Sci-fi horrors fans can feast on 'Life' until the banquet comes with return of 'Alien'

Sci-fi horrors fans can feast on 'Life' until the banquet comes with return of 'Alien'

Bad things can happen in deep space. We know this because films like “Alien” and the many other sci-fi horror films it inspired have engineered all kinds of extraterrestrial creatures to prey on mankind. “Life” succeeds better than about 90 percent of those due to its relentless claustrophobia and a twist ending that director Daniel Espinosa insisted on before he agreed to make the movie.

The premise centers around an unmanned probe sent to Mars to pluck soil samples for a crew on the International Space Station to test for signs of life. After a near miss in connecting with the probe, exobiologist Dr. Hugh Derry (Ariyon Bakare) manages to grow the first extraterrestrial life in a petri dish in the controlled lab. Given the name Calvin, the curious life form grows at an alarming rate until it manages to aggressively attack Derry, and through a series of mistakes made by the crew, escape the confines of the lab and disappear into the bowels of the station.

It’s all downhill from there as Calvin, who thrives on the blood of its prey, begins picking off the crew members as they valiantly try to contain it. The so-called fire walls established by Dr. Miranda North (Rebecca Ferguson) are exhausted one by one until the remaining crew begin to realize they must track down the fast-growing creature and kill it or they cannot return to earth without risking all mankind. In short, they won’t be returning to earth at all.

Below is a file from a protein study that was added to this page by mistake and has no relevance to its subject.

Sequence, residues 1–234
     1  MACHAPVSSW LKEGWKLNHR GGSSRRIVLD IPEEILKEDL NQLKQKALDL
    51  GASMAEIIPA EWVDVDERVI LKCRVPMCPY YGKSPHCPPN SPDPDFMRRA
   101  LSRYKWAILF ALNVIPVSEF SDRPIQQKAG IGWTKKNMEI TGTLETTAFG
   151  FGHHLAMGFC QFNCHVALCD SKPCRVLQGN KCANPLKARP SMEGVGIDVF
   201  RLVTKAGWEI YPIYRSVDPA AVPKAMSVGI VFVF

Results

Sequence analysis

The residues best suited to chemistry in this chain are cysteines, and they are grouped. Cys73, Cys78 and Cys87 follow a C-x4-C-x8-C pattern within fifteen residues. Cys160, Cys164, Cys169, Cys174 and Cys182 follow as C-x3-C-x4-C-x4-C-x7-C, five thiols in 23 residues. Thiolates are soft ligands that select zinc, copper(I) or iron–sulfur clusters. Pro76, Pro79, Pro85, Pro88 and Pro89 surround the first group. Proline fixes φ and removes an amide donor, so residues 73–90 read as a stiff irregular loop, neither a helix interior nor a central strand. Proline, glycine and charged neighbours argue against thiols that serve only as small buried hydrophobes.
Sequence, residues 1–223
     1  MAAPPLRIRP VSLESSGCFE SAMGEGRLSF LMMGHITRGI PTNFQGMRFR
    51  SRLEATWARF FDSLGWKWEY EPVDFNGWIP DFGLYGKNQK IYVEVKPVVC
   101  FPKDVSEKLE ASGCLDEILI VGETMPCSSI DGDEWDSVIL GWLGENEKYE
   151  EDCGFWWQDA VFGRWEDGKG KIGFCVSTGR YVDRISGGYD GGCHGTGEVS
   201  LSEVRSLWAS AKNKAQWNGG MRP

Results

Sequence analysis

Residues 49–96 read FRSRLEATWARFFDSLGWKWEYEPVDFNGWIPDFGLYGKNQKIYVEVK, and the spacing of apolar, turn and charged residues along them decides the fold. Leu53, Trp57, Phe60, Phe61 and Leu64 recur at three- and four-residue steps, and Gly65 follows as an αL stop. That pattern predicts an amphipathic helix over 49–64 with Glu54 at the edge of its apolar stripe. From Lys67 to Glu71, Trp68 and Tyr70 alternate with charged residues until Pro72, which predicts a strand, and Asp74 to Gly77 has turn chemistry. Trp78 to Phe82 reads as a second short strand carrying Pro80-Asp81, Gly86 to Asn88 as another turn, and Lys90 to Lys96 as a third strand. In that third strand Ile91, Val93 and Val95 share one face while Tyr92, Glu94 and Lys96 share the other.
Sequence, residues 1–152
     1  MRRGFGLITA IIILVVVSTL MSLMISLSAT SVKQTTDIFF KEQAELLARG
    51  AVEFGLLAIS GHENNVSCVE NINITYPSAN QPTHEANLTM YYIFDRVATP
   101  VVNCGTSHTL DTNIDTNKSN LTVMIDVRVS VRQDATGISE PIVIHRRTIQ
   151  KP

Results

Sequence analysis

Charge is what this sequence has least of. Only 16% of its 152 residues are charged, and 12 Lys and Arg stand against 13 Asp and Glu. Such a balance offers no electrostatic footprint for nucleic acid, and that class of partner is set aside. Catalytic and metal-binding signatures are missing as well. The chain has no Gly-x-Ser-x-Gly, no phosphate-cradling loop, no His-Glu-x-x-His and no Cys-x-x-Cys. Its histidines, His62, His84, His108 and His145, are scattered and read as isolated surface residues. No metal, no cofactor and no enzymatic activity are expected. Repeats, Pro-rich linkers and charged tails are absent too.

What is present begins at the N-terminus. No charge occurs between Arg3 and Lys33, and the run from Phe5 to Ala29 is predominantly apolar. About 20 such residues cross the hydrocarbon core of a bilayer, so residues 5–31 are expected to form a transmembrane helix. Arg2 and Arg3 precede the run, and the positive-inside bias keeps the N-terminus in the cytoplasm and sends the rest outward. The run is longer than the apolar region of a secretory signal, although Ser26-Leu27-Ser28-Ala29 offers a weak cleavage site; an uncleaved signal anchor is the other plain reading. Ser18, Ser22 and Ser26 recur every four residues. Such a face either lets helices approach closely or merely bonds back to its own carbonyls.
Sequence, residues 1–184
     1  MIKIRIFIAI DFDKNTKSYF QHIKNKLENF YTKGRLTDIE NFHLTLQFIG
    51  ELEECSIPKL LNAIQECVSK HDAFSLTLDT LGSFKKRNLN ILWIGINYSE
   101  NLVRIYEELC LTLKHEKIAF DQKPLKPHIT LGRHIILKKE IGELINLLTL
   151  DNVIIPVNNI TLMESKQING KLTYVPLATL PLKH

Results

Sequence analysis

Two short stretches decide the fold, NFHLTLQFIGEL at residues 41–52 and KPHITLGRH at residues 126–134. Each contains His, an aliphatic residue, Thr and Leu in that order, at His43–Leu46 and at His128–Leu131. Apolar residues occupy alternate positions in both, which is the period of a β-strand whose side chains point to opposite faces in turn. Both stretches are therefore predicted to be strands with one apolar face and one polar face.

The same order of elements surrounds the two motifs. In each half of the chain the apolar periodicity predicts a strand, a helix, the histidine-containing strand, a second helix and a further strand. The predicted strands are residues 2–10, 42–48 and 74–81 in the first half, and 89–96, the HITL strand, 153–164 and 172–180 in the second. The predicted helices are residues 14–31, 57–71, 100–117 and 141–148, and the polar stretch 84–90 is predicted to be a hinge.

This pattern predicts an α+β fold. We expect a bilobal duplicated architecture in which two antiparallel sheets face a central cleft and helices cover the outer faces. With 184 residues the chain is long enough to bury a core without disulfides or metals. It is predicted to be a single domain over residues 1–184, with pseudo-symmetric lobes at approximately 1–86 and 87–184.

The ISS setting employs seamless CGI work to simulate the zero gravity setting, and it also gives the movie its claustrophobic atmosphere. It’s truly an international endeavor with two Americans, Jake Gyllenhaal as David Jordan, a space weary astronaut who prefers space to earth, and engineer Rory Adams, played by Ryan Reynolds. Miranda and Hugh hail from England, and the other two astronauts, played by Olga Dihovichnaya and Hiroyuki Sandana, are from Russia and Japan.

While there is little time for backstory on any of the characters save for Gyllenhaal’s, the writers of this — Rhett Reese and Paul Wernick — have crafted a tense, smart thriller that is as creepy as it is gruesome. Most of this is kept to a minimum, but Calvin’s ability to survive and strengthen relies on its intuitiveness, which Derry had noted from its inception. Its quasi-starfish features allow it to move quickly and its slimy surface ratchets the “icky” factor off the charts. No character is offed in quite the same way, which provides greater tension — as if there wasn’t enough already.

And then we come to the end — or the one we think we know is coming. Reese and Wernick apparently decided to play against conventional tropes where gender can determine who lives and who dies. It’s shocking and unexpected, and it’s all leading to a sequel the writers have already discussed in promotional interviews. It would be interesting to see how Calvin eventually evolves in a different environment and gains the ability to replicate.

For some good sci-fi chills and thrills, I thought I was going to have to wait until Ridley’s Scott’s “Alien: Covenant,” coming out in mid-May, but “Life” will satisfy until then. Too bad the crew of the ISS has to find out the hard way: Don’t mess with Martian nature.

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